Tuesday, September 14, 2010

Once a Month cooking day (with children:) Part Three

Since it's been awhile, let me just refresh your memory about what we made...

Muffins (some zucchini, some Fiber One blueberry from a box--4 doz. large & 3 doz. mini)
Beef and Bean Enchiladas
2 lbs. Taco Beef
Hearty Tomato Beef Stew
French Stuffed Potato Topping
Chicken Enchiladas
Chili Verde
Creamy Italian Chicken (for the crock pot)
Chili Sauce Chicken (for the grill or oven)
Herbed Chicken (for oven)
Southern Noodle Bake (my husband calls this "Amish Lasagna")
4 lbs. chicken, cooked and cubed for salads
Sloppy Joe beef
12 "uncrustable" PB&Js
Approx. 70ish whole wheat banana oatmeal choc. chip pancakes

Here are some tips for doing your own Freezer Cooking Day:

1. The most important part of doing a cooking day is to HAVE A PLAN! It's all about the preparation. This is usually a week long process for me. Several days of planning, grocery shopping day, prep the day/night before, and then the actual "Cooking Day".

2. Take stock of what you already have in your pantry. Try to choose recipes that include ingredients that you already have on hand.

3. Plan around a good sale. In my case, it was boneless, skinless chicken breasts for $1.99/lb.

4. Decide which recipes to use and how much you want to make. If you are new to freezer cooking, you may want to try just 4-5 meals to get used to the process. Here are some things to keep in mind:

** If you need some ideas on what freezes well, you may want to invest in a good Once a month cooking cookbook. A good one to get you started would be Once a Month Cooking by Mimi Wilson and Mary Beth Lagerborg. Or check into the menus for places like Touch of Gourmet or Super Suppers. Search internet sites for OAMC recipes. Or heavens, just take a walk through the freezer section at your grocery store. My initial interest in freezer cooking came when I thought to myself, "Well, if they can freeze peanut butter and jelly sandwiches, why can't I? How hard can it really be?" Most items in the freezer section can be recreated by you at home. Think pastas, meatloaf, pancakes, cookie dough, smoothie kits, muffins...the sky's the limit. If "they" can freeze it, SO CAN YOU:) But if it's something you've never frozen before you may not want to make multiples of it until you are sure it worked.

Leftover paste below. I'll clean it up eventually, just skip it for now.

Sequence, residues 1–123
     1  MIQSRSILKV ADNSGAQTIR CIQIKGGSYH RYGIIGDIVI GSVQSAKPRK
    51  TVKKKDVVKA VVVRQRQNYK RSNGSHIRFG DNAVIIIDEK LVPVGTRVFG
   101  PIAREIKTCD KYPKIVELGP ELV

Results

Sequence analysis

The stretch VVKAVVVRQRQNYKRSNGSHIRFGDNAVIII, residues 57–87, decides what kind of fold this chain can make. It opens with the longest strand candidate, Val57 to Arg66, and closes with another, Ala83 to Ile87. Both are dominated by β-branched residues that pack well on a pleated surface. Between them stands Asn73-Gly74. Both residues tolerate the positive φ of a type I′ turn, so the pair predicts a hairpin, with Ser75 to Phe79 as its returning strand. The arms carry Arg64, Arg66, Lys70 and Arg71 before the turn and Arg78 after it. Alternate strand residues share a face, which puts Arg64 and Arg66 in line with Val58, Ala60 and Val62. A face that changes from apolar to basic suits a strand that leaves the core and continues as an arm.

**Make sure to take into consideration how much freezer space you have. When you have a big family like ours, it helps to have a chest or upright freezer available.

** Think about what type of container you will use for each recipe. If it's a recipe that I might possibly take to a potluck or give to another family, I tend to use foil pans, so as not to have to get them back. Soups, stews, marinating meat can all go in zipper freezer bags. Plastic containers (square or rectangle) that can stack are also a good choice, to make the best use of your space.

Hang in there with me...I know you want even more details. No worries, I'm just getting started. There are whole books on this, people. I'm trying to break it down into little bit size chunks. No, I didn't say break dance, although I must say, I did my share of trying to spin around on a cardboard box back in the eighties:) So come on back and next time, I'll get more specific on the grocery/prep/cooking day info and how you can get your own little aspiring chefs involved:)
Shoot me some questions, if you have something specific you are wondering about. Or comment on what ideas you have about recipes you'd like to try (or have tried before) on your own cooking day!

So whether you eat or drink or whatever you do, do it all for the glory of God. 1 Corinthians 10:31 (NIV)

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